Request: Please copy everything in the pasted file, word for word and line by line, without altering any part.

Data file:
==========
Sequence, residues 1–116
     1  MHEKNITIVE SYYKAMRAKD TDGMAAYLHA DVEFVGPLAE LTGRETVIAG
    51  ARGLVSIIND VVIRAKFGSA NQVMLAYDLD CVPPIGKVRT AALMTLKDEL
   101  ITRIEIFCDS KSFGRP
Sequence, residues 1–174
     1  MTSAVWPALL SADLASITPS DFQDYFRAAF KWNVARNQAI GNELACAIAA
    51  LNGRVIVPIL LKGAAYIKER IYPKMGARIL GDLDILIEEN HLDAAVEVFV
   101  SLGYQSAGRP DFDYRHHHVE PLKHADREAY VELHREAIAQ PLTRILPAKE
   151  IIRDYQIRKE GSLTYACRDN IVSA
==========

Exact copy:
Sequence, residues 1–116
     1  MHEKNITIVE SYYKAMRAKD TDGMAAYLHA DVEFVGPLAE LTGRETVIAG
    51  ARGLVSIIND VVIRAKFGSA NQVMLAYDLD CVPPIGKVRT AALMTLKDEL
   101  ITRIEIFCDS KSFGRP
Sequence, residues 1–174
     1  MTSAVWPALL SADLASITPS DFQDYFRAAF KWNVARNQAI GNELACAIAA
    51  LNGRVIVPIL LKGAAYIKER IYPKMGARIL GDLDILIEEN HLDAAVEVFV
   101  SLGYQSAGRP DFDYRHHHVE PLKHADREAY VELHREAIAQ PLTRILPAKE
   151  IIRDYQIRKE GSLTYACRDN IVSA